The skin and earlobe often feel numb after surgery and it may take several months before sensation returns to normal. Some patients experience sweating of the skin excessively whilst eating or thinking about food months after the operation has been completed (this is known as Frey’s syndrome) because the nerves that supply the salivary glands reconnect with the sweat glands in the skin. This can be treated with Botox if it is troublesome.


What other therapies or treatments might patients need after?

For benign tumours, no further treatment will be required but we will proceed with scar management with Dermatix ointment in particular over a period of six months. Patients who are prone to keloid scarring will also have additional scar management at the time of surgery and after the operation.

In cases where the tumour is malignant, additional post-operative radiation therapy may be required, and in some cases proton therapy maybe more appropriate.

Chemotherapy for NTRK fusion-positive cancers may also be appropriate depending on the tumour type.



For a consultation with Professor Kavin Andi, you can go to his Top Doctors profile and schedule a visit.

By Professor Kavin Andi
Oral & maxillofacial surgery

Professor Kavin Andi is an award-winning consultant oral and maxillofacial surgeon and head and neck surgeon based in London who specialises in head and neck cancer.

Once his dual qualifications in medicine and dentistry had been completed at Bart’s and The London Schools of Medicine and Dentistry, Professor Andi undertook his basic surgical training in Essex. He then went back to the London Deanery Higher Surgical Training Programme in Oral and Maxillofacial surgery at The Royal London Hospital, St Bartholomew’s Hospital, Luton and Dunstable Hospital, University College London and Guy’s and St Thomas’ Hospital.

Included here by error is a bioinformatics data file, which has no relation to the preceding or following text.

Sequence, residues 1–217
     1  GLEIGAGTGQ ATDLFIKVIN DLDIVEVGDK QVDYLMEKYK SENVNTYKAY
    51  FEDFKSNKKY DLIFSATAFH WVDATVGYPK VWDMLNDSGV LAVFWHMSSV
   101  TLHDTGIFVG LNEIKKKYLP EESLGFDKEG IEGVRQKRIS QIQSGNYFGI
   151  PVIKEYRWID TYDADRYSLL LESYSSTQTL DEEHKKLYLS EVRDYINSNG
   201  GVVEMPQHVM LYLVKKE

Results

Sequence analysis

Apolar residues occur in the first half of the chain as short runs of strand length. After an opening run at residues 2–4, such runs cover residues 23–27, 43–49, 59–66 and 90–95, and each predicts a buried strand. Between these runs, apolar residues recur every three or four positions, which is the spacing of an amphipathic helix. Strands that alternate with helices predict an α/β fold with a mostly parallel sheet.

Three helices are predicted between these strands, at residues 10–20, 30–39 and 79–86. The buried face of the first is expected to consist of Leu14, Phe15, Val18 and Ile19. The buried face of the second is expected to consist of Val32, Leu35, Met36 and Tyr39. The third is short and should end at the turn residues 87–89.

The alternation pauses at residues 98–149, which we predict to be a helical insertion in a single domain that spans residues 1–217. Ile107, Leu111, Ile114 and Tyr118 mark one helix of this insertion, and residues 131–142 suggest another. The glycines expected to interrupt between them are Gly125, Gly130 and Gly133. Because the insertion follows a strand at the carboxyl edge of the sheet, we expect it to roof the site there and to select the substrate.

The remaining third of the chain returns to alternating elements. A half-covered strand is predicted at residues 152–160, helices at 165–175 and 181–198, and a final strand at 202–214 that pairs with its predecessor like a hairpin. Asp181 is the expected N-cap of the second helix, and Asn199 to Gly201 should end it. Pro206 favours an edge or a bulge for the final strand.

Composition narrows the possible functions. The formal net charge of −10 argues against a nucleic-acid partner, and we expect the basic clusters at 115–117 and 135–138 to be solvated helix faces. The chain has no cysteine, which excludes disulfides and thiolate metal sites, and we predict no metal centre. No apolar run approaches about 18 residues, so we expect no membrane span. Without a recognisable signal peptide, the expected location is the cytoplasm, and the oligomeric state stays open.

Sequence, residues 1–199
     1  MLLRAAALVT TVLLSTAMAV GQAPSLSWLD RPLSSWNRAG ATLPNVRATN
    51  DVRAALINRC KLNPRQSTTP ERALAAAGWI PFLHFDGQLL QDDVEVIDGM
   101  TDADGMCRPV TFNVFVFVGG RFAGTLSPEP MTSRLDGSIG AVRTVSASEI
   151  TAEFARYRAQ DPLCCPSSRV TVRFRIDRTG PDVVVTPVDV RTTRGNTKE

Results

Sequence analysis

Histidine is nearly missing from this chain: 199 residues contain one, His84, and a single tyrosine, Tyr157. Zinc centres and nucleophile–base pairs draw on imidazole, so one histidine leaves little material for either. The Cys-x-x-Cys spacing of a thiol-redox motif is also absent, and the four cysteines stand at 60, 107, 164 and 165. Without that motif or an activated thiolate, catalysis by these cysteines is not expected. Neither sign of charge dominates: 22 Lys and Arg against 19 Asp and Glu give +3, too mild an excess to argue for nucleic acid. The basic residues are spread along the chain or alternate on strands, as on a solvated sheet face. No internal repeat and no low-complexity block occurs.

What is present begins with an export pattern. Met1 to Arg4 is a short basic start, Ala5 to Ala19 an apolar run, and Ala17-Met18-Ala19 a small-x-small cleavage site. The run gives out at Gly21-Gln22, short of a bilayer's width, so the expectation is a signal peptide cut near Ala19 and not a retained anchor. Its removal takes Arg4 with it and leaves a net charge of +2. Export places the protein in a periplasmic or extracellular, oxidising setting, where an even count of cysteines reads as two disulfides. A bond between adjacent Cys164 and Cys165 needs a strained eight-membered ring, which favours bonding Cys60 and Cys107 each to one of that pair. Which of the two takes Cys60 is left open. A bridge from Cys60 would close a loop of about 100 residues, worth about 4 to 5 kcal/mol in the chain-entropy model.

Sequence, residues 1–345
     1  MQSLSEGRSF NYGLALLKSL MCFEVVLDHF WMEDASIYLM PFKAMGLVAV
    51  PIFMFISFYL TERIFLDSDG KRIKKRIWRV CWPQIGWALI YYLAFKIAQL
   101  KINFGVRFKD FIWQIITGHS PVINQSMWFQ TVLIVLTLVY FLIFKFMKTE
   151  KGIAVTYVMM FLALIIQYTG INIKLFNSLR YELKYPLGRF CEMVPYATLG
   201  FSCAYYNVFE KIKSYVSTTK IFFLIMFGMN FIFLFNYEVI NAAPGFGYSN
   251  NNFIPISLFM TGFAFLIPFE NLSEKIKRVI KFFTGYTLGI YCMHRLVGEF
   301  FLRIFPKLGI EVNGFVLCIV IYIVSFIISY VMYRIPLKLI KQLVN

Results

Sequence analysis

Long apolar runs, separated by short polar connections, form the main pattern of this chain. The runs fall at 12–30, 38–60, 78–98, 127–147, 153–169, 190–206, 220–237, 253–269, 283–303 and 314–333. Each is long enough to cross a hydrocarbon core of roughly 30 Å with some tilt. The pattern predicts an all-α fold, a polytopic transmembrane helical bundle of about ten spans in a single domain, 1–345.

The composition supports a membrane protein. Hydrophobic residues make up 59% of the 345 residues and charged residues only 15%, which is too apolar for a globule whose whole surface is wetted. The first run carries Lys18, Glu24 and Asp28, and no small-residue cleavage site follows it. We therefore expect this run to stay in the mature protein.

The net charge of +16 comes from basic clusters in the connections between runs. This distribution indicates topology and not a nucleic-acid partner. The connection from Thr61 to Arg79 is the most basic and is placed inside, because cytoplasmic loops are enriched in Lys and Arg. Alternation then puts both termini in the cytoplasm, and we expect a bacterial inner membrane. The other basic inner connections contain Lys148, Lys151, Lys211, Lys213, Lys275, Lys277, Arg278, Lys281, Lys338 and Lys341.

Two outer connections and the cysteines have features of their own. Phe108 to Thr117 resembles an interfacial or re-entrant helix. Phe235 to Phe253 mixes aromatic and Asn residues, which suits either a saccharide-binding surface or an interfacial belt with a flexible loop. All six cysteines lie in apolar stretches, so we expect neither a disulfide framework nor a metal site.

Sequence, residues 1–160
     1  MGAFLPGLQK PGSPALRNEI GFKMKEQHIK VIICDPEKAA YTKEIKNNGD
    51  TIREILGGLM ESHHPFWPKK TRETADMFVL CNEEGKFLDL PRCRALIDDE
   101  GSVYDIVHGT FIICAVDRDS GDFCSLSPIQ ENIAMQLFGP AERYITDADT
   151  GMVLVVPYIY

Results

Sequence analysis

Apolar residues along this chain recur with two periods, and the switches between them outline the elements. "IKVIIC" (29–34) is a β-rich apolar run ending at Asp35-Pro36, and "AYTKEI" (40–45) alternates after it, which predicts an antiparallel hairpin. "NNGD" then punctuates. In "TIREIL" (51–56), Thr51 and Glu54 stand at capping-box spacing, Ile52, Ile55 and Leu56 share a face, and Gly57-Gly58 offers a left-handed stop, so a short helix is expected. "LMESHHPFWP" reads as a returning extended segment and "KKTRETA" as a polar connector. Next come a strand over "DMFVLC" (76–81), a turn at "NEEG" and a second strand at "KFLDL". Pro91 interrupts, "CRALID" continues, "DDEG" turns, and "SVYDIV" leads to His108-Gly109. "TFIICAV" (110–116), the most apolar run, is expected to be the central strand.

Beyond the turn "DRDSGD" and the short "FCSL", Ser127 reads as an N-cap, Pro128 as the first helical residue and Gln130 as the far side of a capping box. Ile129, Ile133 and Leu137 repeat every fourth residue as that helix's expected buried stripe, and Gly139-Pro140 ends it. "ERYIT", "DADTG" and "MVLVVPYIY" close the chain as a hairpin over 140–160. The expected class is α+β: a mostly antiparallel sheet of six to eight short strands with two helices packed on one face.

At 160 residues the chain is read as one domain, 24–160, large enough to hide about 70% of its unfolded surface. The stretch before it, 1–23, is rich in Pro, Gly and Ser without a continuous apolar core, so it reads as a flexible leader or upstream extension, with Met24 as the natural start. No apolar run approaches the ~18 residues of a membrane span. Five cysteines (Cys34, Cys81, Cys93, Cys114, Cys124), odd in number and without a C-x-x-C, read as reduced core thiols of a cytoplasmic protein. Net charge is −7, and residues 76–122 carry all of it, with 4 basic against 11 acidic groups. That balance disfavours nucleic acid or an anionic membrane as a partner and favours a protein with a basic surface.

He was ranked first among the highest level maxillofacial, ENT, and plastic surgeons in the UK by the joint committee for Higher Surgical Training following the reception of his FRCS award. This allowed Professor Andi to successfully complete a highly competitive Advanced Head and Neck Interface Training Fellowship at Guy’s Hospital. He did this in conjunction with a Fellowship of The Higher Education Academy award.

Professor Andi’s areas of interest include augmented reality, robotic surgery, and 3D virtual surgical planning, for which he was award the prestigious Norman Rowe Clinical Prize by the British Association of Oral and Maxillo-Facial Surgeons (2012). Among his interests and research, Professor Andi has also been published and has written original software on a variety of platforms which were user-friendly tools to collect data on clinical and outcomes research.

Other awards Professor Andi has been the recipient of the J.N. Kidd award from the Institute of Reconstructive Sciences (2016), a Clinical Excellence Award from St George's University Hospitals NHS Foundation Trust (2015), the Annual College Prize in Clinical Dentistry awarded by the University of London (1997), and many more in between.

Carrying out pioneering research at St George's, University of London Medical School and Crandfield University Centre for Digital Engineering, Professor Andi was appointed as a Visiting Professor in 2020. In addition to being a faculty member of The London Deanery School of Surgery and Regional Speciality Advisor to The Royal College of Surgeons, he is a core member of the Head & Neck and Skin Cancer tumour boards and previous President of The Institute of Reconstructive Sciences.